Were I to judge the game only as a series of systems for the player to navigate, I’d likely describe it as a conservative yet competent addition to Konami’s long line of shooting games. But this strikes as a somewhat narrow view. Expanding that view, I find a game that tries to parody contemporary action movie conventions, is equipped to do just that, but for whatever reason, never quite accomplishes its goal. Where there should be harmony between the energetic crossfire you’re expected to navigate and the levels’ humorous nature, there’s instead a weak conflict that the game isn’t entirely able to resolve. And because of how strongly Ai Senshi Nicol pursues aesthetic refinement, it’s not in a position to embrace these blemishes, either. All it can do is uncomfortably hang in that space we call “average”, unable and unwilling to claim ownership of itself.
When I first started playing Shantae and the Pirate’s Curse, I ascribed all the problems I kept finding to “design by textbook syndrome.” By that, I mean the game is so focused on replicating the principles you’d learn about in a game design course right down to the letter that it never considers what it’s actually going to do with them. Hence you end up with a game that looks technically impressive, yet ultimately has very little to say. As accurate as these assumptions were, I eventually realized that they don’t sufficiently explain the thought processes the game does operate on, accidentally or not. After all, if Shantae and the Pirate’s Curse can somehow execute good game design principles without being a good game, shouldn’t that make us wonder what we think good game design means in the first place? Once I took these points into consideration, I arrived at a satisfying answer to what it was about the game that I didn’t like. Peel away all the flash and spectacle, and you find a game that not only trains us to participate in capitalist systems, but also to enjoy our participation in them.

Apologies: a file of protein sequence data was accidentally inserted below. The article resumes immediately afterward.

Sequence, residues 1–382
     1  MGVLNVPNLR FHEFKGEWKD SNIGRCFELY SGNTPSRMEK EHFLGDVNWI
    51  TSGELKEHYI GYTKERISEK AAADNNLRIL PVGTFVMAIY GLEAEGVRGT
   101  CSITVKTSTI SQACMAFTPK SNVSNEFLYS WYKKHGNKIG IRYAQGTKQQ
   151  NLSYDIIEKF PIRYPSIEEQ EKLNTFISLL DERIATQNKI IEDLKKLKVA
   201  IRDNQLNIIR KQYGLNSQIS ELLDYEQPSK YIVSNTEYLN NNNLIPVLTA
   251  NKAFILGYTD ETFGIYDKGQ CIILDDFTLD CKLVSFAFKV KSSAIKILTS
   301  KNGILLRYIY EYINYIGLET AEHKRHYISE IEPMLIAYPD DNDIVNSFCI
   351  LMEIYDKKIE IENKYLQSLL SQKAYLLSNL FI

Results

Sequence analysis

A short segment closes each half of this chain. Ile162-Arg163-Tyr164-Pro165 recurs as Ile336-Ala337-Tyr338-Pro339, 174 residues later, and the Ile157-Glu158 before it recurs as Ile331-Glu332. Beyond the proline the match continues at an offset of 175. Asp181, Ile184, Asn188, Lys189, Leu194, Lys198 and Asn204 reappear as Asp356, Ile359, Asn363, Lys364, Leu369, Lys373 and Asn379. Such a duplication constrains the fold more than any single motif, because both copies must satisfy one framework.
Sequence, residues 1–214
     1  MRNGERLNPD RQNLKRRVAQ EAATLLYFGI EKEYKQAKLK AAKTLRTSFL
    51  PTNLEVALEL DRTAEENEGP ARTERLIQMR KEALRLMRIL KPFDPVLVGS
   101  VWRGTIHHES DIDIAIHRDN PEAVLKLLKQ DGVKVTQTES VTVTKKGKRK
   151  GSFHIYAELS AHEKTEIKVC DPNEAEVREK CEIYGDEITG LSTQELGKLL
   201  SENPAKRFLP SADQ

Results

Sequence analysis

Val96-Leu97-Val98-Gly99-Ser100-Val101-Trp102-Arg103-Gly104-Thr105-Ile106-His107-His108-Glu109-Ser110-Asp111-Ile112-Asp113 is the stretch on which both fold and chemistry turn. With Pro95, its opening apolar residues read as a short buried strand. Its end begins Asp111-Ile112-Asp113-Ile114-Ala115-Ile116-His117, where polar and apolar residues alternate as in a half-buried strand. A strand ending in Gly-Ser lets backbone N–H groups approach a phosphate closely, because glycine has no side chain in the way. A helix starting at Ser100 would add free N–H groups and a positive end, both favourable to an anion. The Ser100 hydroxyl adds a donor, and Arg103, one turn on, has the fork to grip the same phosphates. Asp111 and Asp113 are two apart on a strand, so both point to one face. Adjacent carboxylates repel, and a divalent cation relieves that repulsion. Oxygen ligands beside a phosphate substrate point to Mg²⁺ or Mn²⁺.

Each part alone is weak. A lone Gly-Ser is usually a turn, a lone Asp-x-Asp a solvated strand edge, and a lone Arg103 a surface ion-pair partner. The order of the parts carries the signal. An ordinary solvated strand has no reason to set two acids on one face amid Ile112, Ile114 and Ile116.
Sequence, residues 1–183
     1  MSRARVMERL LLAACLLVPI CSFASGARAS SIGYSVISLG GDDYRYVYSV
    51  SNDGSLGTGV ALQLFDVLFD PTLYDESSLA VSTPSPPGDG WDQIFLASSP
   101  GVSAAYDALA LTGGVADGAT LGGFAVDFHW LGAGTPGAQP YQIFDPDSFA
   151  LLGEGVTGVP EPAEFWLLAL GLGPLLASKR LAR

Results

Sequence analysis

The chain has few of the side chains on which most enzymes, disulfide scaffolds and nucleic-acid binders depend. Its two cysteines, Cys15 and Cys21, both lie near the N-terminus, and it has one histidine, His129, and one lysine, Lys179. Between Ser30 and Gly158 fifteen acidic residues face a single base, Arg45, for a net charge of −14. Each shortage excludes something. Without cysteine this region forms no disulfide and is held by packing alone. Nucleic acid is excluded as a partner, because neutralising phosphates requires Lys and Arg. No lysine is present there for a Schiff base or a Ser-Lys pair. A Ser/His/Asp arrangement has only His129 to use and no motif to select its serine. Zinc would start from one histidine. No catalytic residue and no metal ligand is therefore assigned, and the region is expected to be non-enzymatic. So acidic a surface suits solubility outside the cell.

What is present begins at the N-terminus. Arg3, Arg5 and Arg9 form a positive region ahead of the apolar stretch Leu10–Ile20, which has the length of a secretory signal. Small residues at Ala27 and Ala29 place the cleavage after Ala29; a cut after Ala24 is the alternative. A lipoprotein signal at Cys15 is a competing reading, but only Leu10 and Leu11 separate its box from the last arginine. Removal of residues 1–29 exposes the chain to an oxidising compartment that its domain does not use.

The early Phantasy Star series had a complicated history when it came to their non-numbered games. When Sega deemed a Phantasy Star project important enough to become part of the main story, they were capable of making thoughtful games with readily identifiable voices and a deep thematic base. Move to the peripheries of the Phantasy Star canon, however, and this guarantee becomes much spottier. Sometimes, you get games like Text Adventures, which meaningfully complement the source material while putting forth their own views on the world. But you’re equally likely to get something like Phantasy Star Adventure, a game that rehashes very basic sci-fi fantasy conventions because it has nothing to say with them.
And as is the case with Phantasy Star Gaiden (the last game in the Complete Collection), you end up with generic games that stumble into sufficiently deep thematic material completely by accident. On the surface, the game appears to eschew the dark futuristic trappings of its peers in favor of something grand and heroic; more like Dragon Quest. Yet’s it precisely because of how adamantly the game clings to these traditions that it’s able to create an experience that’s out of line with what those traditions might suggest. Despite Gaiden’s fantasy trappings, the world it presents us with is bleak, mundane, and almost entirely lacking in heroism.